My name is Mike Mearls, Group Manager for the D&D Research and Development team. Welcome to Legends & Lore, a weekly column where I write about various topics on D&D’s history, how the game has changed over the years, and where it’s going in the future. One of the things I want to do is pose questions and topics to D&D players across the world, because my real purpose is to understand what you think about D&D. Once I know that, then I can better understand the game.
As some of you might be aware, we announced the removal of three print products from our 2011 schedule (which we covered in a recent Rule-of-Three Q&A). With that announcement in mind, I thought it would be interesting to take a look at how the product line behind D&D has shifted over time. It’s perhaps easy to expect a hardcover book or two each month in support of D&D, but that hasn’t always been the case.
In looking at the big picture, D&D has twisted and turned in its support over the years. The original white box was supported by five supplements released over the course of about 18 months. The first three of these—Greyhawk, Blackmoor, and Eldritch Wizardry—added more classes, spells, monsters, and magic items to the admittedly sparse lineup of the game. Gods, Demi-Gods & Heroes added stats for gods and other figures drawn from mythology, while Swords & Spells introduced a set of mass combat rules for D&D.
With the rise of Advanced Dungeons & Dragons, the emphasis shifted from rules to adventures. Much of the material contained in the first three supplements for the original edition appeared in AD&D’s three core books, released by the second half of 1979. The game then saw expansions released in the following order:
- 1977: Monster Manual
- 1978: Player’s Handbook
- 1979: Dungeon Master’s Guide
- 1980: Deities & Demigods (later re-titled Legends & Lore)
- 1981: Fiend Folio
- 1982: No hardcover books
- 1983: Monster Manual II
- 1984: No hardcover books
- 1985: Oriental Adventures, Unearthed Arcana
- 1986: Dungeoneer’s Survival Guide, Wilderness Survival Guide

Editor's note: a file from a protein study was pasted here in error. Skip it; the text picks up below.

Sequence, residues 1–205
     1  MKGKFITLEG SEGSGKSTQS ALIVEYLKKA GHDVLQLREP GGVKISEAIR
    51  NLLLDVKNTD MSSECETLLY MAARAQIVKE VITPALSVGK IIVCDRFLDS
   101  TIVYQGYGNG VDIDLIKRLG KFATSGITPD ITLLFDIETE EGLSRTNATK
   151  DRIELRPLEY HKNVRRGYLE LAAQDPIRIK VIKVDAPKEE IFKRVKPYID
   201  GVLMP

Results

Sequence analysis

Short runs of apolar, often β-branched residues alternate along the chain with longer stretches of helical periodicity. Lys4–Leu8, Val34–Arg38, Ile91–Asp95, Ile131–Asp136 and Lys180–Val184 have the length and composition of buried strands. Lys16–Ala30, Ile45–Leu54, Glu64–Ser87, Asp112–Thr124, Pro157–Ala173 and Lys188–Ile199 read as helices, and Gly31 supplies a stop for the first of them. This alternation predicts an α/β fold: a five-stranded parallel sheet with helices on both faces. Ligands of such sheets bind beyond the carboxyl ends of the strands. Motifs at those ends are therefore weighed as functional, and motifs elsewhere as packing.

- 1987: Dragonlance Adventures, Manual of the Planes
- 1988: Greyhawk Adventures
- 1989: Second edition released
Over the course of 1st Edition’s 12 years, that’s a grand total of three core rulebooks and ten hardcover expansions. Of those expansions, six added new character options. The remaining four either added more monsters or setting detail.
Beyond those hardcovers, TSR primarily released adventures, boxed sets that described the major settings of the era (Greyhawk and the Forgotten Realms; Dragonlance’s first boxed set arrived during the 2nd Edition era), and Realms sourcebooks that detailed specific regions.
While little appeared in hardcover form, Dragon magazine shouldered almost the entire load of new options and material. The magazine regularly featured new spells, new classes, and new monsters. In some ways, it was a toned down version of modern D&D’s supplement schedule, delivered in magazine format. Still, an issue of Dragon during this era was about 90 to 100 pages long, with much of that space devoted to ads, advice, fiction, and non-mechanical elements. Perhaps about 20 to 30 pages each month were new player options.
Oddly enough, while 2nd Edition saw a huge uptick in the number of monthly releases, it looks like the total number of hardcover releases comes in at about eight. I’m sure I missed a few, but outside of the Player’s Option books and the core rulebooks, not much came out in hardcover during this period.
However, during this time TSR released five or six soft cover books each month. Sometimes that number would drop to coincide with a big product, like a boxed set, but it was fairly consistent for most of the decade. Many of those books focused on specific settings, others were adventures, and some were generic supplements aimed at all D&D players, such as the Complete Fighter’s Handbook. Still, in terms of total volume of releases, the pace shot through the roof.